On November 27, 1999, the Holy See accepted the bishop’s request for retirement.  After retirement, he served as visiting professor at both Santa Clara University and Stanford University.

Bishop DuMaine will long be remembered for his dedication to the teachings and principles put forth by the Second Vatican Council.  Among these were the call to holiness that is extended to all the baptized, the inclusion of lay and religious women and men in decision-making positions within the Church, and a commitment to Catholic Education and Formation in all of its forms.

A visionary who recognized the significant role of technology in social communications and the Church’s mission of evangelization, Bishop DuMaine served as chair of the United States Bishops’ Committee on Communications, as a member of the Pontifical Commission on Social Communications, and as a director and longtime supporter of the Catholic Television Network (CTN), a closed-circuit network serving Catholic schools in the Archdiocese of San Francisco and the dioceses of San Jose and Oakland.

He was a man of great intelligence and wit and will long be missed by his family and by his many friends and collaborators.

The Funeral Mass will be celebrated at the Cathedral Basilica of Saint Joseph in San Jose on Thursday, June 27, at 10:00 am.

Donations in Bishop DuMaine’s memory may be made to the Priests’ Retirement Fund or the Catholic School Scholarship Fund, both in care of The Diocese of San Jose, 1150 North First Street, Suite 100, San Jose, CA 95112-4966.



Welcome Bishop Oscar Cantu as the Third Bishop of the Diocese of San Jose


Bishop PJ Farewell




Statement from Bishop Oscar - Creating a Culture of Vocations


Statement from Bishop Robert Barron on California's Attack on Confession



What is the Society of Saint Joseph?

The Society of Saint Joseph is managed by the Catholic Community Foundation of Santa Clara County and provides a way for our Church to celebrate and recognize these extraordinary acts of stewardship.

How do I become a member?

Joining the Legacy Society requires two steps:

Step 1: Arrange for a planned or deferred gift to a local parish, a Catholic elementary school, the Diocese of San Jose, or any ministry of the Diocese (endowed or non-endowed).

Step 2: Let us know of your plans by submitting the Confidential Legacy Intention Form. Download the form from the Foundation’s website ( or ask your parish to print one.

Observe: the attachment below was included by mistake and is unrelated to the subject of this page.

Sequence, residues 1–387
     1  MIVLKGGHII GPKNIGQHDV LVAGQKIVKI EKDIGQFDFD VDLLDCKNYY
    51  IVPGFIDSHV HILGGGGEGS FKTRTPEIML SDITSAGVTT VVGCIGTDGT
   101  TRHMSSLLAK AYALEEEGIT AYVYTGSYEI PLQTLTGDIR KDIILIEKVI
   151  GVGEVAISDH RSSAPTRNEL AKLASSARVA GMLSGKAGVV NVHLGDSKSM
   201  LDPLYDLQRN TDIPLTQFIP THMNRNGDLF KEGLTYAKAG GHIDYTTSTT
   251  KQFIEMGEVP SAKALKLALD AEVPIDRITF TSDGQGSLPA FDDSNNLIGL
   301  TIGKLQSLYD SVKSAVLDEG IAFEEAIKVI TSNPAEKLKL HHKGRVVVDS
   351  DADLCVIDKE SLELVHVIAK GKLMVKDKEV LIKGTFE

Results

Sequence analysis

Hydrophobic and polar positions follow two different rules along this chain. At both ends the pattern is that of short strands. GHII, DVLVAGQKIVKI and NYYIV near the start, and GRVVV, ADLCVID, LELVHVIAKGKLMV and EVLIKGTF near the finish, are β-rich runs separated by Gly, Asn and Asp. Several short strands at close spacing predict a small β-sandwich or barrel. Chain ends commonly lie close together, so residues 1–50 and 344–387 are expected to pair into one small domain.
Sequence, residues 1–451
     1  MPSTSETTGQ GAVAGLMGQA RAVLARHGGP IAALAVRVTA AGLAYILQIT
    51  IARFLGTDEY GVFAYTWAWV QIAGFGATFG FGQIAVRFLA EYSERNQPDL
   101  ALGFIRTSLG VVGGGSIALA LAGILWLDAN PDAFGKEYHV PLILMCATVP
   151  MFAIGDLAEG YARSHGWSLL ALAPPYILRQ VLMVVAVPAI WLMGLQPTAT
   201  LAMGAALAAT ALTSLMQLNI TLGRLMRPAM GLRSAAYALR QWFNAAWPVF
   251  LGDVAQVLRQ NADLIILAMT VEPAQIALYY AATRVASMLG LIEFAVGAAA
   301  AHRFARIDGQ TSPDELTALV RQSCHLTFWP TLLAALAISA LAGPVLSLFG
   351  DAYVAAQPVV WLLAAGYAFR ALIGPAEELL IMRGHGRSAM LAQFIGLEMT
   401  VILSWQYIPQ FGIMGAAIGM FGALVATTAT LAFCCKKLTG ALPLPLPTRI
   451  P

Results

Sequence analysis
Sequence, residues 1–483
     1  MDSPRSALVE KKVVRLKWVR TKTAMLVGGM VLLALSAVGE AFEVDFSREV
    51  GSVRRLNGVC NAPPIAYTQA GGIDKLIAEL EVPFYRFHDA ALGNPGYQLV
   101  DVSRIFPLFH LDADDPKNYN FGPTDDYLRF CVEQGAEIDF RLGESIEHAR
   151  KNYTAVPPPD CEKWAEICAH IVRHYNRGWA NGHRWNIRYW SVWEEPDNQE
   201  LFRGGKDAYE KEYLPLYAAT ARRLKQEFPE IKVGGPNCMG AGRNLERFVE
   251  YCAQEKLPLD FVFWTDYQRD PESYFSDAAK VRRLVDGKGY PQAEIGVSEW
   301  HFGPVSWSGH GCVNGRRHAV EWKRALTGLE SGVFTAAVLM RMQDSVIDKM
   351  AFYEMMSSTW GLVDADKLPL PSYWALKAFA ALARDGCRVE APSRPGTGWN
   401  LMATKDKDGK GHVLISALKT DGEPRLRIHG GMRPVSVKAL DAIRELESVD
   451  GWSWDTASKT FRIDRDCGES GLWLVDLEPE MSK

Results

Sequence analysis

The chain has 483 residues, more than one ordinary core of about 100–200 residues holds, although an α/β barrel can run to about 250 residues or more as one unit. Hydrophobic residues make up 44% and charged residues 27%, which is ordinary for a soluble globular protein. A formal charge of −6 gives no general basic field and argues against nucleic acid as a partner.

What types of gifts qualify?

Legacy gifts take many forms. Below are some of the most common gifts that people choose.

o Bequests through wills or living trusts

o Naming as beneficiary of retirement plans

o Naming as beneficiary of insurance policies

o Naming as beneficiary of financial accounts

Please give us a call to discuss other types of gifts that might interest you.


Can I direct my legacy gift to a specific fund?

As a donor, you can choose how you would like the beneficiary to receive your legacy gift by designating it either as endowed or nonendowed. 

NON-ENDOWED GIFT - You may choose to allow those who will lead our Church in future years to decide how best to use your gift taking in consideration the needs in their time. After your lifetime, one hundred percent of your gift will be transferred directly to the beneficiary.

ENDOWED GIFT - You may choose to direct your gift to an endowment fund which permanently supports the parish, Catholic organization or area of ministry that is important to you. After your lifetime, one hundred percent of your gift will be transferred to The Catholic Community Foundation of Santa Clara County who will prudently invest the principal of the fund and distribute between 3-5% of earnings annually to the beneficiary that you selected, in perpetuity.

Whether you choose to make a non-endowed gift, an endowed gift or a combination of both, we can provide you with easy bequest language that your advisor can use when drafting your will or trust.


One in a series of Priest Interviews

is with our pastor, Father Tito